Even with the help of ample CGI and some questionably lenient judgment on the part of the MPAA ratings board Ellis can’t conjure much in the way of scares in Shark Night. Indeed he hardly seems interested in trying. The film is almost entirely devoid of tension lumbering along lamely from one telegraphed attack scene to the next each episode of protracted underwater thrashing offering little to quicken the pulse. Rarely will you feel compelled to close your eyes. You’ll more likely be tempted to cover your ears if only to be spared the dialogue.
At some point in the early years of the 21st century a bunch of Hollywood executives must have gotten together and decided that animated films should be made for all audiences. The goal was perhaps to make movies that are simultaneously accessible to the older and younger sets with colorful imagery that one expects from children’s films and two levels of humor: one that’s quite literal and harmless and another that’s somewhat subversive. The criteria has resulted in cross-generational hits like Wall-E and Madagascar and though it’s nice to be able to take my nephew to the movies and be as entertained by cartoon characters as he is I can’t help but wonder what happened to unabashedly innocent animated classics like A Goofy Movie and The Land Before Time?
Disney’s Winnie The Pooh is the answer to the Shrek’s and Hoodwinked!’s of the world: a short sweet simple and lighthearted tale of friendship that doesn’t need pop-culture references or snarky dialogue to put a smile on your face. Directors Stephen J. Anderson and Don Hall found some fresh ways to deliver adorable animation while keeping the carefree spirit of A.A. Milne’s source material in tact. Their story isn’t the most original; the first part of the film finds Pooh Piglet Tigger and Owl searching for Eeyore’s tail (a common plot point in the books and past Pooh films) and hits all the predictable notes but the second half mixes things up a bit as the crew searches for a missing Christopher Robin whom they believe has been kidnapped by a forest creature known as the “Backson” (it’s really just the result of the illiterate Owl or is it?).
The beauty of hand-drawn animation all but forgotten until recently is what makes Winnie the Pooh so incredibly magnetic. There’s an inexplicable crispness to the colors and characters that CG just can’t duplicate. It’s a more personal practice for the filmmakers and should provide a refreshing experience for audiences who have become jaded with the pristine presentation of computerized imagery. The film is bookended by brief live-action shots from inside Robin’s room an interesting dynamic that plays up the simplicity of youth ties it to these beloved characters and brings you right back to memories of your own childhood.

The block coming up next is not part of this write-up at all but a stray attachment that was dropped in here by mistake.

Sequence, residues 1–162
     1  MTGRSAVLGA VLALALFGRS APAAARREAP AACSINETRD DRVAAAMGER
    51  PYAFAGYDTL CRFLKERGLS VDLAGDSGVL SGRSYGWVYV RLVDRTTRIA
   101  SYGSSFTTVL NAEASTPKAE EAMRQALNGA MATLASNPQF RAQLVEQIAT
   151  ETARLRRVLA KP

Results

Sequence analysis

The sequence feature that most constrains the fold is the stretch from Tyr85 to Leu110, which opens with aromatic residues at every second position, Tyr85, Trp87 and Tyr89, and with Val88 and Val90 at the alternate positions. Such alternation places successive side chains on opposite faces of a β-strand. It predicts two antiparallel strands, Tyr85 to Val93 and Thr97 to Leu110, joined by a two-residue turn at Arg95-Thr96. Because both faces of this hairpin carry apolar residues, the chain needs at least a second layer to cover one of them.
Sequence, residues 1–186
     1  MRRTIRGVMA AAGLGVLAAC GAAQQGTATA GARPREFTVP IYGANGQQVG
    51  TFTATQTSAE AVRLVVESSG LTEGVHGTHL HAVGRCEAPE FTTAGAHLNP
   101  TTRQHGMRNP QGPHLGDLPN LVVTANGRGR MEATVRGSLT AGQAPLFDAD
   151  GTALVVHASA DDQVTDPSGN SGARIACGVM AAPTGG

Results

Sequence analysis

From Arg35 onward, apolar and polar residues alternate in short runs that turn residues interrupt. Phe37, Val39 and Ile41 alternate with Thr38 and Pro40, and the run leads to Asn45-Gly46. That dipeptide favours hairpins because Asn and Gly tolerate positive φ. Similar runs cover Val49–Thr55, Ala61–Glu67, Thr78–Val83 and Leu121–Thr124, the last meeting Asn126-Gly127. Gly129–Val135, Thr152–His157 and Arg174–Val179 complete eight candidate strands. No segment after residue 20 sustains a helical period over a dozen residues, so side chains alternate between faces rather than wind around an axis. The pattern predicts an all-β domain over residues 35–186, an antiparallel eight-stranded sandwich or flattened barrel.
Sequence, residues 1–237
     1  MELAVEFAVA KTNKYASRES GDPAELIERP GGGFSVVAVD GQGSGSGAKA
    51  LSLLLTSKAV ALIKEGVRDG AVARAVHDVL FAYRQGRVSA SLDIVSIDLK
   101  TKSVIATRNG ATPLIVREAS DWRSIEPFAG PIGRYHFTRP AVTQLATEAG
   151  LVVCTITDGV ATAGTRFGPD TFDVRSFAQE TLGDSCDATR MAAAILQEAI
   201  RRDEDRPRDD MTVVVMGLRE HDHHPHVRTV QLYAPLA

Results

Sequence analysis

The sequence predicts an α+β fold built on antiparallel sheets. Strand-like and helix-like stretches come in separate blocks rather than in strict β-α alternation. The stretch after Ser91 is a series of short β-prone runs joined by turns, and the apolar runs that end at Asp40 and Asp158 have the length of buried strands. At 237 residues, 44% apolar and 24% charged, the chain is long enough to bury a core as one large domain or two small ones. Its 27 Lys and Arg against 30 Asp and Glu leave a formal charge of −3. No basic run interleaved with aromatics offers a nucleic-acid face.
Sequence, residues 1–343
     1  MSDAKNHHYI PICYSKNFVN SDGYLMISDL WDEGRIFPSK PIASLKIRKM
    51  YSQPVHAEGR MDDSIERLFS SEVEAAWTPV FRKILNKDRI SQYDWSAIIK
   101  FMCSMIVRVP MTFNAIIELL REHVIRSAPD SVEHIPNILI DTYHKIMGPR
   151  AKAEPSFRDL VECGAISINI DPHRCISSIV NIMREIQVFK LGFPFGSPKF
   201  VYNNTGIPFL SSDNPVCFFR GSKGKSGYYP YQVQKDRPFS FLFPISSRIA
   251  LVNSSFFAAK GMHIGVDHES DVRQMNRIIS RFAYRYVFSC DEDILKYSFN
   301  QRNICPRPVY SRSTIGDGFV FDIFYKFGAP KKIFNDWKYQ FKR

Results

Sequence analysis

With a just-over-an-hour run time Winnie the Pooh is short enough to hold the attention of children but won’t bore the parents who will love the film mainly for nostalgic musings. Still it’s the young’uns who will most enjoy this breezy bright and enchanting film that proves old-school characters can appeal to new moviegoers.
The couple has been dating for almost two years but Milligan revealed over the weekend (14-15Aug10) the romance is over and he is now looking for love again.
He tells ET Canada, "I, being a bachelor in Hollywood, have always tried to maintain that it would be silly for me to get tied down, just silly. So I am always keeping my options open. I am working with a lot of beautiful, talented, smart actresses all the time, so there is definitely a lot of options out there right?"
WHAT’S IT ABOUT?
After contemplating the plight of the corporate middle manager a decade ago with the wickedly funny Office Space Mike Judge turns his acerbic eye toward the small business owner with his latest comedy Extract. Arrested Development’s Jason Bateman stars as a Joel Reynold a successful entrepreneur who built his humble flavoring company into a thriving concern that now stands on the verge of being acquired — for a hefty sum — by breakfast cereal titan General Mills.